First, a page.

The scarcity with which the topic of assisted dying is mentioned in written fiction can be interpreted in different ways. Authors look to make a living from their writing, and so wish to produce what are deemed to be the choicest tales. It can also be said that authors write what they like to read, so their lack of satisfaction with the last few books they have read in a particular genre may inspire them to write their own story, which will be free of all the irritating aspects of other people’s work.
No matter how many other reasons you could add, you would still be left with the same answer if you boiled them all down and looked at the residue: you write who you are. Whether you are besotted with a particular genre or besotted with the idea of lucrative writing, when you compose your next sentence, you are writing out who you really are.
So, who am I? I am neither of the above, otherwise my work would be able to rely on a guaranteed audience of readers who are eager for more of their favourite fare. I started my journey by asking myself a question which sent me on an adventure and ended up with an answer that stretched to over 330,000 words. It all started with a note jotted on a blank piece of paper – ‘A man is dying.’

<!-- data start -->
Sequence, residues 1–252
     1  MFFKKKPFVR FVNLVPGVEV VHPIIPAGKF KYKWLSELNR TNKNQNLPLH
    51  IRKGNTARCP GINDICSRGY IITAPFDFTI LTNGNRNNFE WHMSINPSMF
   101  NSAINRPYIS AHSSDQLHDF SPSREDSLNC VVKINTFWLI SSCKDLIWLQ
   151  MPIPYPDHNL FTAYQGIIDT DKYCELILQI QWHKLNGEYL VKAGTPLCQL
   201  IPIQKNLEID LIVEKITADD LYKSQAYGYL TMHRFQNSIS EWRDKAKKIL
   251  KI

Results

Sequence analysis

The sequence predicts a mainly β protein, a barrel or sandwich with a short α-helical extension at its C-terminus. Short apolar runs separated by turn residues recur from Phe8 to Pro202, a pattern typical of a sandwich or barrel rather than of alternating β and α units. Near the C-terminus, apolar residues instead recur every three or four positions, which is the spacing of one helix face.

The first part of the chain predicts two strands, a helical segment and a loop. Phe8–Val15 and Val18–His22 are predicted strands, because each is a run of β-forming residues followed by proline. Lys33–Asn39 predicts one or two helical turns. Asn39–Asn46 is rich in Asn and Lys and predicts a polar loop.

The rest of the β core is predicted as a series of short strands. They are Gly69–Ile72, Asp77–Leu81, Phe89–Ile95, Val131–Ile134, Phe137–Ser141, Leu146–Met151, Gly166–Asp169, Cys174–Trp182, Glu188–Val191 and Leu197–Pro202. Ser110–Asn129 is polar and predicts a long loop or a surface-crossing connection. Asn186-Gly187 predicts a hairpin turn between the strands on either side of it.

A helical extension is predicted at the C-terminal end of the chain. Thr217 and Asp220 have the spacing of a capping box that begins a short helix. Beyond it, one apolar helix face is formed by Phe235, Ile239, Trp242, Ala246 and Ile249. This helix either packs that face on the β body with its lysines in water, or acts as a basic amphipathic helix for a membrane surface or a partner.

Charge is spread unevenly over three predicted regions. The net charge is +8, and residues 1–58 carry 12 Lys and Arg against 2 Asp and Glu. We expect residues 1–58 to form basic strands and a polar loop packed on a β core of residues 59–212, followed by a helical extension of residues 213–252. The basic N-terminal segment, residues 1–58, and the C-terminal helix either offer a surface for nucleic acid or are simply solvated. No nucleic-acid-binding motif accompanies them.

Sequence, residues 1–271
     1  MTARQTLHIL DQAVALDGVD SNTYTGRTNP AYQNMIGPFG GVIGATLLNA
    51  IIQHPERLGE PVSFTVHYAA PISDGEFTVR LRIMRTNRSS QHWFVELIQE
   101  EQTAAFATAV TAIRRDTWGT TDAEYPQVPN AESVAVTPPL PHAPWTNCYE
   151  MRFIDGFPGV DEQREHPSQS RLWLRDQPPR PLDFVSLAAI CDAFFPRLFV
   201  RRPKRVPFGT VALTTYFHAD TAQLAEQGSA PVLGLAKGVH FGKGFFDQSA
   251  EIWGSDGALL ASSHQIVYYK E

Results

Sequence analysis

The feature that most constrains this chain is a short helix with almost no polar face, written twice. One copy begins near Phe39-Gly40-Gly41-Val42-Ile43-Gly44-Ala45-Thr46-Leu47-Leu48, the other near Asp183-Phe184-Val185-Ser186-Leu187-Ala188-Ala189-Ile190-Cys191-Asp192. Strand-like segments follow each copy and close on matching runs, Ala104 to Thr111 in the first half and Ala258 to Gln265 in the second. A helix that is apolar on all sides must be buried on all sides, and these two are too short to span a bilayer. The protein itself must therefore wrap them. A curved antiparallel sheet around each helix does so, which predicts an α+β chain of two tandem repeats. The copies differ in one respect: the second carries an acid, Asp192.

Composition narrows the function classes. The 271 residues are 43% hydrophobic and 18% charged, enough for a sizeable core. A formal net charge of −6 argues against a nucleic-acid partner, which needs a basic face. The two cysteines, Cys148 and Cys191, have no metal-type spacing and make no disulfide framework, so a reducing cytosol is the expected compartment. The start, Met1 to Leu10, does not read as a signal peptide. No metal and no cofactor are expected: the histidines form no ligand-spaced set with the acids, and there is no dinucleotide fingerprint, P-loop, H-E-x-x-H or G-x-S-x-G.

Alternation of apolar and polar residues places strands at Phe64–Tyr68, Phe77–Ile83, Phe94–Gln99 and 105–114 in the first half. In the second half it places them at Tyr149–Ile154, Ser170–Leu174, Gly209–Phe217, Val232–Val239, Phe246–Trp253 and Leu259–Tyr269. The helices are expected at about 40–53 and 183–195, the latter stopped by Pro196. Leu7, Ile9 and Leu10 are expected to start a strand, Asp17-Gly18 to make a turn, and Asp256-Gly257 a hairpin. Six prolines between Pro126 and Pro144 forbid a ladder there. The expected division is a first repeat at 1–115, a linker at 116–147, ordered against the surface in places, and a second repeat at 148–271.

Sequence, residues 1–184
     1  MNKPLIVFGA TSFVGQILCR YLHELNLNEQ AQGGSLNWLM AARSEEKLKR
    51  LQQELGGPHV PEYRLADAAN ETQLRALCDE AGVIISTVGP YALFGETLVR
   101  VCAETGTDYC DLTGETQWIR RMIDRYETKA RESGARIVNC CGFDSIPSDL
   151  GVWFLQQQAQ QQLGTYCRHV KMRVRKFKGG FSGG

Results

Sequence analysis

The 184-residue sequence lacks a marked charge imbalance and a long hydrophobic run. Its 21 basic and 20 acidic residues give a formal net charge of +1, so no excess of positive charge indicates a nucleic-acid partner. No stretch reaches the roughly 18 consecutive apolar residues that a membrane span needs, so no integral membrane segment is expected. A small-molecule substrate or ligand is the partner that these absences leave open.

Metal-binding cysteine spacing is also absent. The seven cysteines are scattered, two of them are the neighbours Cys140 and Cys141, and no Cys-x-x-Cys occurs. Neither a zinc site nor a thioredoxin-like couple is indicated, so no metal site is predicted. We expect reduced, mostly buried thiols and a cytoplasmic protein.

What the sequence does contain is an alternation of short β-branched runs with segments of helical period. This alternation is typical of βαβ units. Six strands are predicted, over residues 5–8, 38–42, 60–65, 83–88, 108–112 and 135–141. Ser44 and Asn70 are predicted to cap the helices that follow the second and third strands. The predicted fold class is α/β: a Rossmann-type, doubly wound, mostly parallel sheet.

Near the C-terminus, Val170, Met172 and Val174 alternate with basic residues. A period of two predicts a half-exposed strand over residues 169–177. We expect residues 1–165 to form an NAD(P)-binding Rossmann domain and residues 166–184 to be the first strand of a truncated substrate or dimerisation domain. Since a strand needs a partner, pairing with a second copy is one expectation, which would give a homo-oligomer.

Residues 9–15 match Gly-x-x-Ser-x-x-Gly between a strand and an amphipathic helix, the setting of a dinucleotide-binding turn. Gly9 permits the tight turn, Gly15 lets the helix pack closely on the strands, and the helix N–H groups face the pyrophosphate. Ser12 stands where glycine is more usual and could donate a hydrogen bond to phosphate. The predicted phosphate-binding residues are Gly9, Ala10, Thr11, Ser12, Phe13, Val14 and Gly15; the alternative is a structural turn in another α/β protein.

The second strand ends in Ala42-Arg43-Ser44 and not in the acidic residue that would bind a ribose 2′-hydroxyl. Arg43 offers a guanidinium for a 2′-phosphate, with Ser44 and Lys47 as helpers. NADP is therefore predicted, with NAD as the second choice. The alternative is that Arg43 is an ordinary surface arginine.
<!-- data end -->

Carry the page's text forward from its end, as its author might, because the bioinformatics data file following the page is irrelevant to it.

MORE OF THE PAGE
That simple sentence, so easily erased with only a little ink, stayed with me and grew into the idea of how someone should face death, and how the rest of us should help that person to do so. There was no commercial sense in writing this out as a story, but the idea persisted. I have mentioned the idea of persuasive persistence in a previous post, so please take a look.
A theme that emerged as the story developed was the idea that we all live a shared life, and that we all weave our own thread into a larger whole that preceded us and will outlast us. Our imprint on the larger human narrative is what defines us, and I have sometimes wondered if that is the last question in the mind of a person who is close to death – ‘What imprint have I made and how long will I be remembered?’
I wrote this story because it is who I am. None of the characters are me, but I am in every word. If I had shied away from writing it, I would have always wondered what I could have created. Seeing myself as a body of text is more satisfying than I imagined it would be, so I consider the project to have been worthwhile, and that is the best that any of us can say about any endeavour. A good idea can lead you down a long road, and you are always better for having taken that route, no matter the work involved.